AAM Summer Series: The World Doesn’t Require You
AAM Summer Series Presents:
The World Doesn’t Require You:
Author Rion Amilcar Scott in Conversation with Historian Dale Green
Friday, June 3, 6 pm (Doors open at 5 pm)
Free and open to the public
AAM is offering free childcare for 7 – 10 year olds from 5:45 – 7:30. Please Register Here
Rion Amilcar Scott’s award-winning short story collections imagine the fictional town of Cross River, Maryland, a free Black settlement founded after the only successful slave revolt in the United States. Historian Dale Glenwood Green’s research documents Easton’s Hill Community, one of the oldest free Black neighborhoods in the United States still in existence today. Join them for a reading and conversation about the history, legacy, and future of Maryland’s African American communities, followed by a walking tour led by Professor Green. This conversation is moderated by Shore Lit Founder and George Mason University professor Kerry Folan. Washington College’s Chesapeake Heartland African American Humanities Truck will also be on site to share a grassroots-curated exhibition celebrating African American history and culture on Maryland’s Eastern Shore.
Special thanks to our partners, sponsors, and friends in the community: The Chesapeake Heartland Project at Washington College’s Starr Center for the Study of American Experience, The Hill Community Project, and Shore Lit.
5:00 Visit the Chesapeake Heartland African American Humanities Truck in front of the museum to see a grassroots-curated exhibition celebrating African American history and culture on Maryland’s Eastern Shore
6:00 Join us in the auditorium for a conversation between writer Rion Amilcar Scott and historian Dale Glenwood Green about the history, legacy, and future of African American communities
7:00 Writer Rion Amilcar Scott will be signing books in the courtyard
7:30 Historian Dale Glenwood Green will lead a walking tour of Easton’s Hill Community
Rion Amilcar Scott is the author of the story collection, The World Doesn’t Require You (Norton/Liveright, August 2019), a finalist for the PEN/Jean Stein Book Award and winner of the 2020 Towson Prize for Literature. His work has been published in places such as The New Yorker, The Kenyon Review, Crab Orchard Review, Best Small Fictions 2020 and The Rumpus, among others. He was raised in Silver Spring, Maryland and earned an MFA from George Mason University where he won the Mary Roberts Rinehart award, a Completion Fellowship and an Alumni Exemplar Award. He has received fellowships from Bread Loaf Writing Conference, Kimbilio and the Colgate Writing Conference as well as a 2019 Maryland Individual Artist Award. Presently he teaches Creative Writing at the University of Maryland.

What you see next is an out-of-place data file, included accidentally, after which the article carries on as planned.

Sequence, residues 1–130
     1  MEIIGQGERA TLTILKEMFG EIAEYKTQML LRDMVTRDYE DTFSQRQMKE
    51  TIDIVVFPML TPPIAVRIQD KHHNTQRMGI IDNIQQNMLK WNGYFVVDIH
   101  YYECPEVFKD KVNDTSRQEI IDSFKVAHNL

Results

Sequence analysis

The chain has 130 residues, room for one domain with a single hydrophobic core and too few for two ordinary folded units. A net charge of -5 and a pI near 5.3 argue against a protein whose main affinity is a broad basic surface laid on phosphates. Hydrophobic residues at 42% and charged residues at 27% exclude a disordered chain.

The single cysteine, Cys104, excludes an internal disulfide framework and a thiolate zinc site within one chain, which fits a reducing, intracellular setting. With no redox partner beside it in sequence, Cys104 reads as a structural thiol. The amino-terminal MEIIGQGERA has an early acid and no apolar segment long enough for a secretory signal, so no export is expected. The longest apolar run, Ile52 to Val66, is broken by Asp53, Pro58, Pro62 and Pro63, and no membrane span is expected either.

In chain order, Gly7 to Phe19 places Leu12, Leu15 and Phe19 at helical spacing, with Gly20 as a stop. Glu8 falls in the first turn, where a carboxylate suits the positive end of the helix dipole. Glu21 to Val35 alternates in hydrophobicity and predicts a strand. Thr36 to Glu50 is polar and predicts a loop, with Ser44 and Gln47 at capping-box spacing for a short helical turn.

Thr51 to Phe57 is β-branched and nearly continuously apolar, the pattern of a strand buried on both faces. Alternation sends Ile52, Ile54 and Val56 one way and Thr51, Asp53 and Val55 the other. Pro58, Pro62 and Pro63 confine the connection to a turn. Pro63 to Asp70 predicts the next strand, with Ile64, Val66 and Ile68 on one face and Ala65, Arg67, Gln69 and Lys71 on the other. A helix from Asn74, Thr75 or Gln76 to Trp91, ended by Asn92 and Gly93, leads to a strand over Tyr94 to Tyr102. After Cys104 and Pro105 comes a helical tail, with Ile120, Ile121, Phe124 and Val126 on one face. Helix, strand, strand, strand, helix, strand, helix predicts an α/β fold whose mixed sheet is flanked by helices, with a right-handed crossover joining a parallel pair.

Dale Glenwood Green is a Morgan State University Professor of Architecture and Historic Preservation and a Vice President and Partner of Sulton Campbell Britt & Associates, PC. He bridges both the academy and practice where he built his reputation as a respected leader in the building industry. Green earned his Bachelor of Science degree in Architecture and Environmental Design from Morgan State University, a Masters of Architecture and Historic Preservation from the University of Illinois at Urban-Champaign, and a Ph.D. ABD in Architectural Studies in Historic Preservation from the University of Missouri at Columbia. Green works to develop new sites and also preserve historical sites as well. He is not only a respected leader in the building industry, but also a sought after lecturer and scholar of African American heritage.
About the Chesapeake Heartland African American Humanities Truck
The Chesapeake Heartland African American Humanities Truck serves Kent County and the Eastern Shore as a mobile digitization station, oral history studio, exhibit space, and pop-up-festival-maker. It is designed to meet community members on their own grounds — their own turf and their own terms — inviting partners and participants to gather inside and around the truck to conduct interviews, digitize materials, and create exhibits and events.Click here to learn more about Washington College’s Chesapeake Heartland: An African American Humanities Project and Truck.
About AAM Summer Series
The Academy Art Museum enlisted five local creatives to design and execute summer programs at the museum from June through September. AAM’s Community Programmers include Kerry Folan, Marco Garcia, Tori Paxon, Francisco Salazar and Brea Soul.
Programs and Dates:
June 3: The World Doesn’t Require You Conversation
July 29: 24-Hour Video Race
August 6: Pop-Up Market
August 26: Hip-Hop Cypher
September 2: Variety Show